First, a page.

But since most people don't sit around listening to test tones, I'm happy to report that certain movie and video tracks had similar results. Specifically the intro to the "Adrenaline Rush" base-jumping segment on the DTS "Alive!" sampler disc created some truly believable rear channel sounds. Also, the pod race scene from "Star Wars: Episode I" was captured by the SurroundBar in a reasonable approximation of surround sound goodness, with spinning pod racer parts whizzing by over my head. And the sound on Baz Luhrmann's "Moulin Rouge" was so compelling that the film was half over before I remembered that I was listening to a single box speaker. And that's probably the feature that impressed me most about the unit. It's a very satisfying and involving system that will not leave you wanting more.
The width of the SurroundBar image is unreal - definitely a great deal wider than the cabinet's physical dimensions would seem to support. And the frequency blend of the system speaks for the quality of the drivers. The sound was never thin or nasally, nor was it fat or bloated. Voices and acoustic instruments sounded natural and pleasing to the ear. I mated the system with a Polk PSW10 subwoofer and the blend between the woofer and the Surround Bar was seamless with no frequency bumps in the wrong places.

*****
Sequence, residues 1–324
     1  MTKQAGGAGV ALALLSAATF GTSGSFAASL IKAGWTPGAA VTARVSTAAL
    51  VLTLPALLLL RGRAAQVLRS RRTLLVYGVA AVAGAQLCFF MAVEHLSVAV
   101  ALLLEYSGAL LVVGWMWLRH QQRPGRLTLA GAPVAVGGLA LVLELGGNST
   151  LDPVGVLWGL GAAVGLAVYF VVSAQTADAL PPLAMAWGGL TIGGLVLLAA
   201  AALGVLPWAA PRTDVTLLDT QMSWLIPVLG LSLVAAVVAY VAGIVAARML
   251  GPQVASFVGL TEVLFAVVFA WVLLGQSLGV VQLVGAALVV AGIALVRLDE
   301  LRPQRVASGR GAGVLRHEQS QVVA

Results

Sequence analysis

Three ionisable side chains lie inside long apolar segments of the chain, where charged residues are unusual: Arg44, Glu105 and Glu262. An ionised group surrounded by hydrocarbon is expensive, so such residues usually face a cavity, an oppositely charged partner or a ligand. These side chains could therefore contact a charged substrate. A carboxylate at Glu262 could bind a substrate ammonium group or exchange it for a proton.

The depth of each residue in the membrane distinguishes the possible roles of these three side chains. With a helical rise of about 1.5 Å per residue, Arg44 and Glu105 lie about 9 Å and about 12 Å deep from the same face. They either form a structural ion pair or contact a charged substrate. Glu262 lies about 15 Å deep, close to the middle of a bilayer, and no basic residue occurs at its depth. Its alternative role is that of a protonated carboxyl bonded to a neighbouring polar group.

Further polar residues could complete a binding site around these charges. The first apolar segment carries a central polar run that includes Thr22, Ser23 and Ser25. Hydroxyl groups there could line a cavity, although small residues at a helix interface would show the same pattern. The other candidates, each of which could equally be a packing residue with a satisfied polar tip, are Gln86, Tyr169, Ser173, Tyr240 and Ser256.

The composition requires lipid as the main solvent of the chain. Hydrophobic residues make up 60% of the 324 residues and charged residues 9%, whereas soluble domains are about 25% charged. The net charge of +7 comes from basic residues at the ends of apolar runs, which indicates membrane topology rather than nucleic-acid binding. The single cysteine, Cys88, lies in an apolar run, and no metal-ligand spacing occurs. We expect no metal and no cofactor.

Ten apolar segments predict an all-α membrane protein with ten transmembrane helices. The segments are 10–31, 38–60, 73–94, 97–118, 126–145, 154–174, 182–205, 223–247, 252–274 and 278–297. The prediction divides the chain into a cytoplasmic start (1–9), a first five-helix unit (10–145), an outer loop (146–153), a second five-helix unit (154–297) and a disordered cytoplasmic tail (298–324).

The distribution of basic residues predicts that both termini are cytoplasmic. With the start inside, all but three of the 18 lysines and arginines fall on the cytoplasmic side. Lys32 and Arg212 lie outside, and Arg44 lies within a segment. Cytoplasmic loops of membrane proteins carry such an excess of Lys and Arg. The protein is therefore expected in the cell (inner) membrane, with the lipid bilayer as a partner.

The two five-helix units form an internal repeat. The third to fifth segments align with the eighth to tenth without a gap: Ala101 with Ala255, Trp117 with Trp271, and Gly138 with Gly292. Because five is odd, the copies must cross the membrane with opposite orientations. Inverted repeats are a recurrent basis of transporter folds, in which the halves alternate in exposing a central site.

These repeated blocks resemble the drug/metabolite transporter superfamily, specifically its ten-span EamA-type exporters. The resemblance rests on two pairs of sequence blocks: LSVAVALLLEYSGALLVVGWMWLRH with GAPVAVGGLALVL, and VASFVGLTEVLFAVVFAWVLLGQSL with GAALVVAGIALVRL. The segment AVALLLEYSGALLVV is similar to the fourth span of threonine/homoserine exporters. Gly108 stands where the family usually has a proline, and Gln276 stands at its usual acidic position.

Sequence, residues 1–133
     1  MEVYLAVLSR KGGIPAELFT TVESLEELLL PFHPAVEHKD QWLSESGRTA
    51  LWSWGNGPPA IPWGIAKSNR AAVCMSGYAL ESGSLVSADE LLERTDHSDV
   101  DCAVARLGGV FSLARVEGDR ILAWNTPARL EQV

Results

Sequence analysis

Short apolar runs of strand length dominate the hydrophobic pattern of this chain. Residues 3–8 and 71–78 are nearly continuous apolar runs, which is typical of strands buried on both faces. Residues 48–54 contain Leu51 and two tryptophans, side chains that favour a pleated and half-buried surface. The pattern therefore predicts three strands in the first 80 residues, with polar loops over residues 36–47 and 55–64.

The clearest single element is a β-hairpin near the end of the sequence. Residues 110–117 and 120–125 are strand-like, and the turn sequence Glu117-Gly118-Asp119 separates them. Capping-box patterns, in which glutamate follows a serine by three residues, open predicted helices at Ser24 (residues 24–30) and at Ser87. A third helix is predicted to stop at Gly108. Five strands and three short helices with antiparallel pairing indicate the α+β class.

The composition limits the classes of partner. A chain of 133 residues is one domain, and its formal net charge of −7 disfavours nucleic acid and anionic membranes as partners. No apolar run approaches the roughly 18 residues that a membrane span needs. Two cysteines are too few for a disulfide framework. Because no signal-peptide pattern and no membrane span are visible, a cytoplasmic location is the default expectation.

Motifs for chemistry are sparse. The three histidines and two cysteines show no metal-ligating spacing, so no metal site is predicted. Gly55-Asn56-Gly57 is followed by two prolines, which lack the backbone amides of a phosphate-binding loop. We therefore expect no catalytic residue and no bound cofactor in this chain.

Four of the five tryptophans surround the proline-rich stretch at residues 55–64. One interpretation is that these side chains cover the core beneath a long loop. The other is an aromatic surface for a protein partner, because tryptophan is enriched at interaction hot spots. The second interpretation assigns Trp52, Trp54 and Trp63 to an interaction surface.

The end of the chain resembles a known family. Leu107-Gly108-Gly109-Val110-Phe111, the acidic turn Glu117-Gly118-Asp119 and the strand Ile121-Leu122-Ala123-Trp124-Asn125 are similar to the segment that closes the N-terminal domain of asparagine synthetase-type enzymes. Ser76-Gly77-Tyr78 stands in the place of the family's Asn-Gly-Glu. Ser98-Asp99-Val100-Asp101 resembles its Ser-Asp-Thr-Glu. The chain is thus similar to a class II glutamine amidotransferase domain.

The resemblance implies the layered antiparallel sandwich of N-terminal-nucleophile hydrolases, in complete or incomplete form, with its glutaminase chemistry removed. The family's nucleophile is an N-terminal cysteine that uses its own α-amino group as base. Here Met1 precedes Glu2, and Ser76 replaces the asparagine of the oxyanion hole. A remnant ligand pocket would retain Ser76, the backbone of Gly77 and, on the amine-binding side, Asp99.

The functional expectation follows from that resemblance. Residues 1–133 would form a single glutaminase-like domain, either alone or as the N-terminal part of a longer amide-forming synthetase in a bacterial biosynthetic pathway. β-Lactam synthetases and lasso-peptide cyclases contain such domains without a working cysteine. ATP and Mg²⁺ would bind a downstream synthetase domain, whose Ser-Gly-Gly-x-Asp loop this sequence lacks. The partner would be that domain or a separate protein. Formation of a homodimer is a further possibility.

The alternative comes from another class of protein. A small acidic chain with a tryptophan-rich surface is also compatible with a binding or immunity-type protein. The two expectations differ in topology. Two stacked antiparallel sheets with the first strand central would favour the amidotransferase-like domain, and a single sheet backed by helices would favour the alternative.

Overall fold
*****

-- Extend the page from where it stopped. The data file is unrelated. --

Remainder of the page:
I tested the Surround Bar out with standard stereo music (with no processing modes engaged on the receiver) and it sounded nice and balanced - male vocals were full without being throaty and electric guitars were meaty and crisp. In this mode, the SurroundBar's "surround magic" is not engaged, as only the left and right speakers within the bar are being driven. But then switching the receiver over to Dolby Pro Logic II Music mode (allowing the SurroundBar to stretch its virtual surround legs) really opened up the sound stage, similar to a discrete 5.1-channel system. The musicians' placement around the room expanded to take up the front half of the room, while ambience from the recording provided a sense of space more reminiscent of a live concert.